Volvocine green algae represent the "evolutionary time machine" model lineage for studying multicellularity, because they encompass the whole range of evolutionary transition of multicellularity from unicellular Chlamydomonas to >500-celled Volvox. Multicellular volvocalean species including Gonium pectorale and Volvox carteri generally have several common morphological features to survive as integrated multicellular organisms such as "rotational asymmetry of cells" so that the cells become components of the individual and "cytoplasmic bridges between protoplasts in developing embryos" to maintain the species-specific form of the multicellular individual before secretion of new extracellular matrix (ECM). However, these morphological features have not been studied in the four-celled colonial volvocine species Tetrabaena socialis that is positioned in the most basal lineage within the colonial or multicellular volvocine greens. Here we established synchronous cultures of T. socialis and carried out immunofluorescence microscopic and ultrastructural observations to elucidate these two morphological attributes. Based on immunofluorescence microscopy, four cells of the mature T. socialis colony were identical in morphology but had rotational asymmetry in arrangement of microtubular rootlets and separation of basal bodies like G. pectorale and V. carteri. Ultrastructural observations clearly confirmed the presence of cytoplasmic bridges between protoplasts in developing embryos of T. socialis even after the formation of new flagella in each daughter protoplast within the parental ECM. Therefore, these two morphological attributes might have evolved in the common four-celled ancestor of the colonial volvocine algae and contributed to the further increase in cell number and complexity of the multicellular individuals of this model lineage. T. socialis is one of the simplest integrated multicellular organisms in which four identical cells constitute the individual.
Double fertilization is a flowering plant mechanism whereby two immotile sperm cells fertilize two different female gametes. One of the two sperm cells fertilizes the egg cell to produce the embryo and the other fertilizes the central cell to produce the endosperm. Despite the biological and agricultural significance of double fertilization, the mechanism remains largely unknown owing to difficulties associated with the embedded structure of female gametes in the maternal tissue. However, molecular genetic approaches combined with novel live-cell imaging techniques have begun to clarify the actual behavior of the sperm cells, which is different from that described by previous hypotheses. In this review article, we discuss the mechanism of double fertilization based on the dynamics of the two sperm cells in Arabidopsis.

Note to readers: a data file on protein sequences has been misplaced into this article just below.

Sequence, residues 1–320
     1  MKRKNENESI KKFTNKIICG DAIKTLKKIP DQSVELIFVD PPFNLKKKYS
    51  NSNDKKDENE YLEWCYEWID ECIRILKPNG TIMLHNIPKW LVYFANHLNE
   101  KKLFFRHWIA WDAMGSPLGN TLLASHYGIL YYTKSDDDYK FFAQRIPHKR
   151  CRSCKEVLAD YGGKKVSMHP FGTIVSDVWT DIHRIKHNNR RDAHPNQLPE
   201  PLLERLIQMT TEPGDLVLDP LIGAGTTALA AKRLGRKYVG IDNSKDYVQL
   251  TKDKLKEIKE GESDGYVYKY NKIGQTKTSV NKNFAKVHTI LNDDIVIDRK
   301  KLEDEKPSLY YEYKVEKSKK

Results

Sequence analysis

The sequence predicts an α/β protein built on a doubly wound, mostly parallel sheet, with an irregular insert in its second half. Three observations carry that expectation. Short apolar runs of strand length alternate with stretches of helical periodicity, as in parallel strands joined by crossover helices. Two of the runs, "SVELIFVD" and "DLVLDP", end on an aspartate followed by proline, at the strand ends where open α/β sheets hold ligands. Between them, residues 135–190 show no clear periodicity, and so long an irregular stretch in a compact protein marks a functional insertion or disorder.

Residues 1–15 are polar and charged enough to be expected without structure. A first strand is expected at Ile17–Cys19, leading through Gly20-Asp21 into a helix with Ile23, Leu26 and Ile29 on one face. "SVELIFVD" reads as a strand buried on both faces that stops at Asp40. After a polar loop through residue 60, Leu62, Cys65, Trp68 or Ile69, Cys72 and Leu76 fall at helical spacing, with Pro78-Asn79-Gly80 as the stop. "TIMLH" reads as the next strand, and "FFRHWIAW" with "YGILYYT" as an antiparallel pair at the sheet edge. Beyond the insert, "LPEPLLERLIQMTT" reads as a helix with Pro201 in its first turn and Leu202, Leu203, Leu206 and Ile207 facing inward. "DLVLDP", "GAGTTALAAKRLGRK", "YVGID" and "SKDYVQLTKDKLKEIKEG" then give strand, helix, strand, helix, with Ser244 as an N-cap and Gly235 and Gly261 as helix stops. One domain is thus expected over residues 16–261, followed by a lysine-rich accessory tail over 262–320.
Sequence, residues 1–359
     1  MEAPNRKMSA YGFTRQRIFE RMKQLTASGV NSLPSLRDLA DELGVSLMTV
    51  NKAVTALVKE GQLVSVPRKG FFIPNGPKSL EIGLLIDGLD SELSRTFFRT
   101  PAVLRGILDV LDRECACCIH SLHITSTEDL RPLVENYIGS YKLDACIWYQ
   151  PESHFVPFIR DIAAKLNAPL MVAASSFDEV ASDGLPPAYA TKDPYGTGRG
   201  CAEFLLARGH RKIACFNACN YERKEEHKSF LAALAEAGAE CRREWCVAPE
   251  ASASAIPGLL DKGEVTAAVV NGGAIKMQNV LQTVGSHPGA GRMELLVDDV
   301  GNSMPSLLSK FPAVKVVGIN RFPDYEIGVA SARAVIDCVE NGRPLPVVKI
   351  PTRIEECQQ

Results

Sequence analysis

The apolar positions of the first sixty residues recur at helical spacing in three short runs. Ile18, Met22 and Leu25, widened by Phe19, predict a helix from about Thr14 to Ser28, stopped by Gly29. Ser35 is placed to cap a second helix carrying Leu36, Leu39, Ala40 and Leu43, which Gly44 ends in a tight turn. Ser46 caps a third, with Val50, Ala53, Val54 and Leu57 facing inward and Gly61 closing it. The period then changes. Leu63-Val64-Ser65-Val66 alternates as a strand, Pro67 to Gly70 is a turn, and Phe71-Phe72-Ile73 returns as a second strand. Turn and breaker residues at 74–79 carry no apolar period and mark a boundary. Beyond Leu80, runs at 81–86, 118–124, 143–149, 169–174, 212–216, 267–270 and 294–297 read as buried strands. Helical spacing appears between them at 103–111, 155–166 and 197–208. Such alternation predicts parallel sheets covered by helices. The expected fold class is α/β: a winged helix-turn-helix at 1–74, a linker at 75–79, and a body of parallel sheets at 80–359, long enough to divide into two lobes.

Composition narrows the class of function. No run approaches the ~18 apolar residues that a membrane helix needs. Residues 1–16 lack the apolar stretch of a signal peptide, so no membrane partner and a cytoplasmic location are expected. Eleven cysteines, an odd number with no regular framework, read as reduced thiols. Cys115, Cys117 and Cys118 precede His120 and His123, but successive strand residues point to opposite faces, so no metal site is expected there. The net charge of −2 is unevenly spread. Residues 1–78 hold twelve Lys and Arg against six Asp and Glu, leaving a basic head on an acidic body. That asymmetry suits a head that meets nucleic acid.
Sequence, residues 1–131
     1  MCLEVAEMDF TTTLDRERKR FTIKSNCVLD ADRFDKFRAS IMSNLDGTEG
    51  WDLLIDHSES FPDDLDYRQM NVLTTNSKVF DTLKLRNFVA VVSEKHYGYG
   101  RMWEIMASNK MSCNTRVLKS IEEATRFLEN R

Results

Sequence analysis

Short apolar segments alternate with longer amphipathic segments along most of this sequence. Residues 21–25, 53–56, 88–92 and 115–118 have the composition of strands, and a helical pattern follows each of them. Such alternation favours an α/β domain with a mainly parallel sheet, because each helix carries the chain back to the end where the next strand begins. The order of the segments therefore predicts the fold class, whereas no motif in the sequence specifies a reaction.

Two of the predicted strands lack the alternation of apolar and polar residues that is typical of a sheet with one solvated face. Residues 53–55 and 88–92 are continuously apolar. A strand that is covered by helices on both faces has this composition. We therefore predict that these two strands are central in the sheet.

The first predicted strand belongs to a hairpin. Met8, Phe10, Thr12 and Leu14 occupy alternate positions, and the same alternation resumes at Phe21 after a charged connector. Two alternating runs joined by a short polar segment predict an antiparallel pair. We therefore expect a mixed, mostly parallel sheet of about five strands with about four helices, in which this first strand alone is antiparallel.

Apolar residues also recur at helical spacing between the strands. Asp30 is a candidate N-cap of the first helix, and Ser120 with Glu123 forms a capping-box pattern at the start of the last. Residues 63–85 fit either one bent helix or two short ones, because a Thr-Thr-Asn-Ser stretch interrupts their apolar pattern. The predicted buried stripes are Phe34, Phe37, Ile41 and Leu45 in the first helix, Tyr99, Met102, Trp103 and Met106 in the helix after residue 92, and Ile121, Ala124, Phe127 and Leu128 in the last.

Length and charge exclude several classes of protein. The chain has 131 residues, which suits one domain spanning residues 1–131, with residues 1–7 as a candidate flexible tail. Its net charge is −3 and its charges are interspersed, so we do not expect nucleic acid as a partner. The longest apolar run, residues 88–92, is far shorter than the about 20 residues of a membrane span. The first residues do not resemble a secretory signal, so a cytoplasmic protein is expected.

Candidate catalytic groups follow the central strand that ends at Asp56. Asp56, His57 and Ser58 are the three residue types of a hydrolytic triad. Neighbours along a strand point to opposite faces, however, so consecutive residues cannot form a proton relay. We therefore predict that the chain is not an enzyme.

Flowering plants have evolved a unique reproductive process called double fertilization, whereby two dimorphic female gametes are fertilized by two immotile sperm cells conveyed by the pollen tube. The two sperm cells are arranged in tandem with a leading pollen tube nucleus to form the male germ unit and are placed under the same genetic controls. Genes controlling double fertilization have been identified, but whether each sperm cell is able to fertilize either female gamete is still unclear. The dynamics of individual sperm cells after their release in the female tissue remain largely unknown. In this study, we photolabeled individual isomorphic sperm cells before their release and analyzed their fate during double fertilization in Arabidopsis thaliana. We found that sperm delivery was composed of three steps. Sperm cells were projected together to the boundary between the two female gametes. After a long period of immobility, each sperm cell fused with either female gamete in no particular order, and no preference was observed for either female gamete. Our results suggest that the two sperm cells at the front and back of the male germ unit are functionally equivalent and suggest unexpected cell-cell communications required for sperm cells to coordinate double fertilization of the two female gametes.